Some of us have the overproduction of melanin encoded in our DNAs.

How to Treat Successfully Hyperpigmentation?

It is important to realize that pigmentation is an ongoing process. Pigments are constantly being made and you will need a multifaceted approach to keep it under control!

1. Skincare: Inhibit Tyrosinase and the Melanin production forming in the first place. Brightening ingredients work by blocking different steps of the melanin production pathway. Some of these ingredients are Hydroquinone, Kojic Acid, Azelaic Acid, Lactic Acid, Tranexamic Acid, Niacinamide and Alpha Arbutin. Shop Brighteners

2. Skincare: Exfoliate the skin and remove Melanin deposits and increase cell turnover so pigmented cells get replaced with new cells. Some of the ingredients are Retinol, Vitamin C, Glycolic and Salicylic Acids. Shop Exfoliators
Skincare: Use antioxidants to brighten and protect the skin against UV damage. Some of the ingredients are Vitamin C, Ferulic Acid, Phloretin, Resveratrol, etc. Shop Antioxidants

3. Skin Treatments: Chemical Peels – They exfoliate the skin at a deeper level and peel away superficial pigmentation.
Skin Treatments: Remove melanin deposits with lasers such as FotoFacial IPL (intense pulsed light) which shatters melanin pigment granules. Target Post-inflammatory hyperpigmentation such as acne scars with eMatric Fractional Resurfacing.

At Rejuvent, we have proven treatments and techniques to prevent and treat hyperpigmentation. Call 480-889-8880 for your appointment.

Read More Articles Related to Hyperpigmentation

The Best Masking Routine for Amazing Results

Amazing Mask Routine

Can anyone benefit from adding masks to their skincare routine?
Yes, absolutely! Masks are an important addition to any skin regimen and they can bring a great boost to your skin care program and they pamper like you’re at a spa from the comfort of your own home!

What is one of the most important benefits of a skin care mask?
They tell your skin to wake up and stop being so passive. What does that mean? Our skin gets used to the products we use and it gets perked up when we apply a mask. There are several types of masks, some exfoliate and help remove debris and dead cells, some will infuse the skin with moisture and hydration, some masks will add retinol to your skin, some prep your skin for other products to better absorb and some brighten and clarify.

What is the biggest difference between masks and lotions?
Masks penetrate deeply into the skin to provide greater results than most topical skin care products.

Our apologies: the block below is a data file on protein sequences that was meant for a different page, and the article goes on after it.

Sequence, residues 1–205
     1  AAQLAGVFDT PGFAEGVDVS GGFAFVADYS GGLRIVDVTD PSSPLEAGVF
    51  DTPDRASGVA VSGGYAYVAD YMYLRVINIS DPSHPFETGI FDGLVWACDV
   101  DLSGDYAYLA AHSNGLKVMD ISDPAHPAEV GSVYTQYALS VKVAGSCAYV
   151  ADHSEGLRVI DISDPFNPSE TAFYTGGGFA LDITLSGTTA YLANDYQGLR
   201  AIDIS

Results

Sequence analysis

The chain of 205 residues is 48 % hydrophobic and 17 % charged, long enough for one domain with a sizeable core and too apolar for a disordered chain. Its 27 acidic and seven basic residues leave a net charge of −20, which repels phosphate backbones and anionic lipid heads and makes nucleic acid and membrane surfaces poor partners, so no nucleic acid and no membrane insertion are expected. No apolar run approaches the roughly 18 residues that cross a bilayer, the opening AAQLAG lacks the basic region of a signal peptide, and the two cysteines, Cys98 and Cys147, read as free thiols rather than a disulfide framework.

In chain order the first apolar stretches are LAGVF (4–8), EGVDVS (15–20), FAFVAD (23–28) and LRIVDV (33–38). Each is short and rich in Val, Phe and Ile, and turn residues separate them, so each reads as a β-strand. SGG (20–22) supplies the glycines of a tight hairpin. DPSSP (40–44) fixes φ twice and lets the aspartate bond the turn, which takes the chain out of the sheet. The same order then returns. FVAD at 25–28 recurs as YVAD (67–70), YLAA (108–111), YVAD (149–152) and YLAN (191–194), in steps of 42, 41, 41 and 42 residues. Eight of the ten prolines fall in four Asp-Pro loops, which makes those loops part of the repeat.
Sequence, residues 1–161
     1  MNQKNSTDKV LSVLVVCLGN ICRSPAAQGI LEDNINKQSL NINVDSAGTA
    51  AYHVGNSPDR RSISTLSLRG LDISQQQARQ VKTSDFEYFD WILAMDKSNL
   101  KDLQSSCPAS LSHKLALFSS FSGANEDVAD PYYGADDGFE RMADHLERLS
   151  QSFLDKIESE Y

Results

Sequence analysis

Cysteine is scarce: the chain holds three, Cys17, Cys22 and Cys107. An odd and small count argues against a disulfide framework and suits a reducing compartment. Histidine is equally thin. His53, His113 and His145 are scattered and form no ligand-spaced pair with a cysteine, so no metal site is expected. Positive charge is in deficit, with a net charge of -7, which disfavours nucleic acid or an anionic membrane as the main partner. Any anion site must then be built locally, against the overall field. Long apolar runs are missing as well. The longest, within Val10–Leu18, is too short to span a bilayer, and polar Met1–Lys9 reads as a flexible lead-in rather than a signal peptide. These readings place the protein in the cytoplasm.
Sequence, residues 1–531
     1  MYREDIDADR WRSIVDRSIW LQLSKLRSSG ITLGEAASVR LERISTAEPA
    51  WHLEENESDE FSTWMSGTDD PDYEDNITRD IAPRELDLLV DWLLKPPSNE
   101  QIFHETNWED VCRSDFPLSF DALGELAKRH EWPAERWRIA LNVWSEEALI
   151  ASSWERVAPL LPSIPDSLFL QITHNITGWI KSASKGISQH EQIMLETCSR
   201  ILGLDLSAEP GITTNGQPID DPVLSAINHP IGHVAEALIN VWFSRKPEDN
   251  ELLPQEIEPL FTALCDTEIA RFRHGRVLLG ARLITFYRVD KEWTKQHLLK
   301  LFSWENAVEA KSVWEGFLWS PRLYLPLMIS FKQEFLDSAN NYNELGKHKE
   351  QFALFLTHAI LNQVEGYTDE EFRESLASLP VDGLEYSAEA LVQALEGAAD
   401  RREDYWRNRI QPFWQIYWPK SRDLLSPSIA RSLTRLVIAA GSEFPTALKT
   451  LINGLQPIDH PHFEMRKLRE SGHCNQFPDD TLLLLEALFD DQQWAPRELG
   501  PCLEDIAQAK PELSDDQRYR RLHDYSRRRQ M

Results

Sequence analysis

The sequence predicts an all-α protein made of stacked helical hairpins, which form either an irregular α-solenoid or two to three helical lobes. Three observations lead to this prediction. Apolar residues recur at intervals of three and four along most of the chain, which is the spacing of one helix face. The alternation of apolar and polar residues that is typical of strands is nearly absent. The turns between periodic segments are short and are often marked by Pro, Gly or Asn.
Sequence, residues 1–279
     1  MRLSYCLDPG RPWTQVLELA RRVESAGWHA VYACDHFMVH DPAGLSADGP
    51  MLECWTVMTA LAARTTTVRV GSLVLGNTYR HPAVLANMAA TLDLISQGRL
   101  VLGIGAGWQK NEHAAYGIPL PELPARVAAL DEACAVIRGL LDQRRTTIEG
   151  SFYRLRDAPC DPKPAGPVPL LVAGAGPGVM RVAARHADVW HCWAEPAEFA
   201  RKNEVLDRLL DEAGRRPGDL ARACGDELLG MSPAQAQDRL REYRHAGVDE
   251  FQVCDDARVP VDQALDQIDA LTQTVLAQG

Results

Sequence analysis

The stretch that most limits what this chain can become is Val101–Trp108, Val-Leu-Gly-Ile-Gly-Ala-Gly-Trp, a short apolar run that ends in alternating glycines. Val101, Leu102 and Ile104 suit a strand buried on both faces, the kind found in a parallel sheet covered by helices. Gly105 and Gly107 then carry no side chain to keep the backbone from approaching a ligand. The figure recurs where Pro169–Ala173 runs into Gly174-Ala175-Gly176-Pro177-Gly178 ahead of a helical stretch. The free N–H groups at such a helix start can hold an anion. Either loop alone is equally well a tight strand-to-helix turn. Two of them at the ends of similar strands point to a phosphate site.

What benefits should I expect from masks?
They have many different functions, such as exfoliating the skin, drawing out impurities, absorbing excess oil, moisturizing, calming, stimulating, tightening, brightening, firming or nourishing the skin.

Can I apply different masks on the same day?
Yes, and we do recommend that. For example, the Jan Marini Skin Zyme mask exfoliates and digests dead skin, so it greatly cleans and preps the skin for the application of any other mask.

How should you apply the masks?
Gently massage the masks in your skin.

How long should you leave the masks on for?
It depends on how much time you have. Dr. Bomer leaves each mask on from 20 minutes to one hour.

Do I need to wash my face with a cleanser after masking?
No, just rinse the mask off with water.

At Rejuvent Dr. Bomer has hand-picked the masks we sell according to how they well they perform and the concerns they address.
Watch a video of Dr. Bomer introducing her Masking Routine; she will explain why she uses these masks and which order they should be used, then follow up with the video where she demonstrates step-by-step how to use the products in her Masking Routine.

Mask Routine For Success – An introduction video with Dr. Bomer

The Jan Marini Skin Zyme Mask is a great addition to your routine as it truly exfoliates and digests dead cells and debris so your skin can regenerate faster. This mask targets only dead cells and will unveil fresh skin. It also preps the skin for better absorption of other products. It is perfect for post-treatment and to digest peeling skin from Retinol or Retin-A use.

The Jan Marini Retinol Plus Mask is a retinol infused mask that speeds up cell turnover, addresses the appearance of fine lines and wrinkles, as well as hyperpigmentation, acne and sun damage. Contains Salicylic Acid to help melt sebum. Even though this mask contains Retinol, it does not irritate the skin. It brightens and smooths the skin while clearing blocked pores.

The Jan Marini Luminate Face Mask visibly improves skin tone, texture, and luminosity from the first time you use it. Multiple ingredients resurface the skin, exfoliate and brighten as well as reduce redness and provide hydration.